Flutter tool analytics are not sent on the very first run. To disable reporting, type
flutter config --no-analytics. To display the current setting, type
flutter config. If you opt out of analytics, an opt-out event is sent, and then no further information is sent by the Flutter tool.
Moreover, Flutter includes the Dart SDK, which may send usage metrics and crash reports to Google.
Update your path
You can update your PATH variable for the current session atthe command line, as shown in Get the Flutter SDK.You’ll probably want to update this variable permanently,so you can run
flutter commands in any terminal session.
The steps for modifying this variable permanently forall terminal sessions are machine-specific.Typically you add a line to a file that is executedwhenever you open a new window. For example:
- Determine the directory where you placed the Flutter SDK.You need this in Step 3.
- Open (or create) the
rcfile for your shell.Typing
echo $SHELLin your Terminal tells youwhich shell you’re using.If you’re using Bash,edit
$HOME/.bashrc.If you’re using Z shell, edit
$HOME/.zshrc.If you’re using a different shell, the file pathand filename will be different on your machine.
Add the following line and change
[PATH_TO_FLUTTER_GIT_DIRECTORY]to bethe path where you cloned Flutter’s git repo:
source $HOME/.<rc file>to refresh the current window,or open a new terminal window toautomatically source the file.
Verify that the
flutter/bindirectoryis now in your PATH by running:
Verify that the
fluttercommand is available by running:
Note: As of Flutter’s 1.19.0 dev release, the Flutter SDK contains the
dart command alongside the
flutter command so that you can more easily run Dart command-line programs. Downloading the Flutter SDK also downloads the compatible version of Dart, but if you’ve downloaded the Dart SDK separately, make sure that the Flutter version of
dart is first in your path, as the two versions might not be compatible. The following command (on macOS, linux, and chrome OS), tells you whether the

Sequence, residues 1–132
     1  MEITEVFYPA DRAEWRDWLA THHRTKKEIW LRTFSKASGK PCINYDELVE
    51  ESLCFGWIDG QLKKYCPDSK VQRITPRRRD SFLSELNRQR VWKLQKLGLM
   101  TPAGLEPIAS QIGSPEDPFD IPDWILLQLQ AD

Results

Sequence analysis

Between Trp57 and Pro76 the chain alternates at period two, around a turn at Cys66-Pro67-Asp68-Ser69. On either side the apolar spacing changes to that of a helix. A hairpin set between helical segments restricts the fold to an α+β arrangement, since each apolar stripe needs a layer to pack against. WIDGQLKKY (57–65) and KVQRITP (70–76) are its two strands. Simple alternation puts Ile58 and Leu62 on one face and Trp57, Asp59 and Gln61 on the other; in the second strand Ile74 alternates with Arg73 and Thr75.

dart commands originate from the same
bin directory and are therefore compatible. (Some versions of Windows support a similar
As shown above, the two commands don’t come from the same
bin directory. Update your path to use commands from
/path-to-flutter-sdk/bin before commands from
/usr/local/bin (in this case). After updating your shell for the change to take effect, running the
where command again should show that the
dart commands now come from the same directory.
To learn more about the
dart command, run
dart -h from the command line, or see the dart tool page.
macOS supports developing Flutter apps in iOS, Android,and the web (technical preview release).Complete at least one of the platform setup steps now,to be able to build and run your first Flutter app.
To develop Flutter apps for iOS, you need a Mac with Xcode installed.
Install And Download Sdk Android Studio Mac Os 10.10
- Install the latest stable version of Xcode(using web download or the Mac App Store).
Configure the Xcode command-line tools to use thenewly-installed version of Xcode byrunning the following from the command line:
This is the correct path for most cases,when you want to use the latest version of Xcode.If you need to use a different version,specify that path instead.